The Securities Industry and Financial Markets’ Association is urging the Municipal Securities Rulemaking Board to withdraw its draft broker’s brokers rule and leave the existing regulatory and enforcement scheme intact.

In a rare move, SIFMA filed two eight-page comment letters with the MSRB Friday, one representing the views of its broker’s brokers and one reflecting the concerns of its broker-dealers. Together, both missives blasted the board’s draft Rule G-43, saying it would have a “significant unintended negative impact” on the municipal securities market, to the detriment of retail investors and owners of thinly traded munis.

“SIFMA hopes that by submitting both of these letters the breadth and seriousness of the concerns in the securities industry regarding the proposed rule will be clearly demonstrated,” wrote Leslie Norwood, managing director and associate general counsel.

Specifically, SIFMA said the Securities and Exchange Commission and the Financial Industry Regulatory Authority can already avail themselves of existing MSRB rules, such as Rule G-17 on fair dealing, to police misconduct by broker’s brokers.

The MSRB in February released G-43, which outlines what broker’s brokers must do to comply with pricing, fair-dealing and transaction rules.

In its request for comments, the board noted that the SEC and FINRA had brought several enforcement actions pegged to broker’s brokers activities that ran afoul of MSRB rules. Given the nature of the violations, the board said, rulemaking is warranted.

SIFMA disagreed, noting that the board’s rule proposal did not cite any conduct that regulators had been unable to sanction under current rules.

“We do not believe that finding a number of rule violations of existing rules at a single point in time should serve as justification for additional rulemaking, in the absence of evidence that the conduct has continued,” Norwood wrote in the broker’s brokers’ letter.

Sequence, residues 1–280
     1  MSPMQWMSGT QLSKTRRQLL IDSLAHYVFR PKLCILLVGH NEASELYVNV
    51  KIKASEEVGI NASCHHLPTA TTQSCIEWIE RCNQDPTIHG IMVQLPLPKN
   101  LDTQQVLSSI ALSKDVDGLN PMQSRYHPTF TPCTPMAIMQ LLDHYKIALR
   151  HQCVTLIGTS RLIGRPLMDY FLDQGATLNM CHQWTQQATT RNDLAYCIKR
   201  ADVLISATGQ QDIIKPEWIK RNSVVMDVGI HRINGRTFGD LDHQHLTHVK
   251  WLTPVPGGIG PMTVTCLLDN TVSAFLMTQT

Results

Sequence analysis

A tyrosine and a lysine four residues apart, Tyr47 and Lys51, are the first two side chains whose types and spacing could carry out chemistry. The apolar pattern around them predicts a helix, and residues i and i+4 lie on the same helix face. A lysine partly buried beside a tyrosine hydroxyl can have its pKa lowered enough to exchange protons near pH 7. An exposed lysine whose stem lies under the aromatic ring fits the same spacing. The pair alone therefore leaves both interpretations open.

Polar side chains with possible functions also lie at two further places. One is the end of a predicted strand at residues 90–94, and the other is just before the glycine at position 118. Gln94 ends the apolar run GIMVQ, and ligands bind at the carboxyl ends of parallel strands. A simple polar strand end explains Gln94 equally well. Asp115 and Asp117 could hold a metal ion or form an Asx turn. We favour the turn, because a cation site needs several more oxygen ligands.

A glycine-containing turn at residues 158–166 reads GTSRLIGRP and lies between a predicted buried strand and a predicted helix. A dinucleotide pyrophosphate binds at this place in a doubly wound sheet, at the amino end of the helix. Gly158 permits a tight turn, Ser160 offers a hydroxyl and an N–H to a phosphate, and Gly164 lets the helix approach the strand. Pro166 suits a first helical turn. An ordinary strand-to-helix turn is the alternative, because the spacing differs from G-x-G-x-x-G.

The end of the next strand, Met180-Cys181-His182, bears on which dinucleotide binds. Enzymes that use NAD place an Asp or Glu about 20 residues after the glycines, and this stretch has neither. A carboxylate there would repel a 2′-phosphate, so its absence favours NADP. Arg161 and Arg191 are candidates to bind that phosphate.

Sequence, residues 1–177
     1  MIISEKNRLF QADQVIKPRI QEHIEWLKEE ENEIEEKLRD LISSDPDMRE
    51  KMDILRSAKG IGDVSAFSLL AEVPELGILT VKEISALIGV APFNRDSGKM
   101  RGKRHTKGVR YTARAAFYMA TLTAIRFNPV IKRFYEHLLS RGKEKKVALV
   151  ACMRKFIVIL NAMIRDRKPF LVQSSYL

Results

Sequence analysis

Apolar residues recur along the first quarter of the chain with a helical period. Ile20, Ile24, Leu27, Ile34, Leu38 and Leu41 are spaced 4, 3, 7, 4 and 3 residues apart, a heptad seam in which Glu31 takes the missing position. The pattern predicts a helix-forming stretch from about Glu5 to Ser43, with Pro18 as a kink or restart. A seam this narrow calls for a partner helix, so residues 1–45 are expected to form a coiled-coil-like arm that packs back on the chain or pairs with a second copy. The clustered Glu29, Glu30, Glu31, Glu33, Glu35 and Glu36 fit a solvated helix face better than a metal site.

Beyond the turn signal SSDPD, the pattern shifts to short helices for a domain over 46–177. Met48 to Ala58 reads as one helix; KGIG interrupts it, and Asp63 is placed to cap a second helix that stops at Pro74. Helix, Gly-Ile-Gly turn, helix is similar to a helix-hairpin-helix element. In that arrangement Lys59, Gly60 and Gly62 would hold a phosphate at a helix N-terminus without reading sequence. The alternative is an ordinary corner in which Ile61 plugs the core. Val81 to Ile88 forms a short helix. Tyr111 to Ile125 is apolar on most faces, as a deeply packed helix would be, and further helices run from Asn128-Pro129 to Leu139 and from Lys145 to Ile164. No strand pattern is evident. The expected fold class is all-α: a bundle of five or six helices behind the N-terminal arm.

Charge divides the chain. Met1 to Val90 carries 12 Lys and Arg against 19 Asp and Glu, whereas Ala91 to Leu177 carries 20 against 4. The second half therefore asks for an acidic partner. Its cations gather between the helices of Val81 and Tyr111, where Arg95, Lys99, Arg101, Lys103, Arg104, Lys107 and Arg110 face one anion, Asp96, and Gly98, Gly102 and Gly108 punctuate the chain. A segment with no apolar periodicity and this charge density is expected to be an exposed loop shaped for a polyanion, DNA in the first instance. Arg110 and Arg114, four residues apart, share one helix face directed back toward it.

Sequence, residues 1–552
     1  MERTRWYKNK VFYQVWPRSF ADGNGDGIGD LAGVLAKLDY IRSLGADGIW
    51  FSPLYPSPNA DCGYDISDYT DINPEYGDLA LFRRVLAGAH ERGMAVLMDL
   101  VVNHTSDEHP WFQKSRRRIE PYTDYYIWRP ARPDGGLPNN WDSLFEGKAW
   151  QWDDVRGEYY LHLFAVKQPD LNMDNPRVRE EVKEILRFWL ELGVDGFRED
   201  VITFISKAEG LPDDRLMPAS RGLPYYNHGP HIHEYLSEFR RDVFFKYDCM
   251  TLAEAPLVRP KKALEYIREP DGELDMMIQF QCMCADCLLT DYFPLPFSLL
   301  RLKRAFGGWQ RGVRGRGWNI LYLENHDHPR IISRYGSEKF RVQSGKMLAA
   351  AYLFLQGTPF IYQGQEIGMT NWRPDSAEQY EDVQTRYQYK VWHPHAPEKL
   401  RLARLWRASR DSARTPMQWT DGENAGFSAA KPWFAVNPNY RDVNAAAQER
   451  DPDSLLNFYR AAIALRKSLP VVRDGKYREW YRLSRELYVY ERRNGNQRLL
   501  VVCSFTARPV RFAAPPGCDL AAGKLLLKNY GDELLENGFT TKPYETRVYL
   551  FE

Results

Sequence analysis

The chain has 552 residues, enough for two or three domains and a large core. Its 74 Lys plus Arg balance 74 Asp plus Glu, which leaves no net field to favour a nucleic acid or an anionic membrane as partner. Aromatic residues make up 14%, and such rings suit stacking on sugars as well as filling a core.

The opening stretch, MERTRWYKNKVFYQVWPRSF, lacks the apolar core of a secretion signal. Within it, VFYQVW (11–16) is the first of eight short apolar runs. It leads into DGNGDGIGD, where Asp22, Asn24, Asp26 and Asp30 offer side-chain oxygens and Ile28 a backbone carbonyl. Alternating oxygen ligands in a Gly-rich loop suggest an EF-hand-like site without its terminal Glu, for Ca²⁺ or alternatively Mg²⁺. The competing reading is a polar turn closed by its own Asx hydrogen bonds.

Draft G-43 would require broker’s brokers to make reasonable efforts to obtain prices for dealers that are fair and reasonable under prevailing market conditions. They would have to use the same level of care and diligence as if executing transactions for their own accounts and would be barred from taking any action that undermines the client’s interest in receiving advantageous pricing.

In offerings, broker’s brokers could represent both the potential seller and the bidders.

However, in a bid-wanted — where the selling dealer asks the broker’s broker to obtain the best bid that it can find for certain municipal securities without specifying a desired price or yield — the rule would prohibit a broker’s broker from representing both parties unless it disclosed its dual role and both sides agreed to it in writing.

SIFMA also objected to a G-43 bid-wanted provision that would require broker’s brokers to disclose to a client, or both clients in a dual agency, if the highest bid does not reflect a “fair and reasonable price” under prevailing market conditions.

For the broker’s broker to proceed with the trade, the client or clients would have to acknowledge the disclosure in writing.

Calling this the “most problematic” provision in draft G-43, SIFMA said in its broker-dealer letter that such a “pre-trade bid-wanted price review” would “substantially impact the trading of retail-size orders and transactions in thinly traded securities.”

The result, Norwood added, would be fewer executions in areas of the market already beset by illiquidity.

Finally, in both letters, SIFMA asked the MSRB not to adopt more permissive rules for electronic trading platforms than for traditional broker’s brokers, saying such an approach would be “anti-competitive.”

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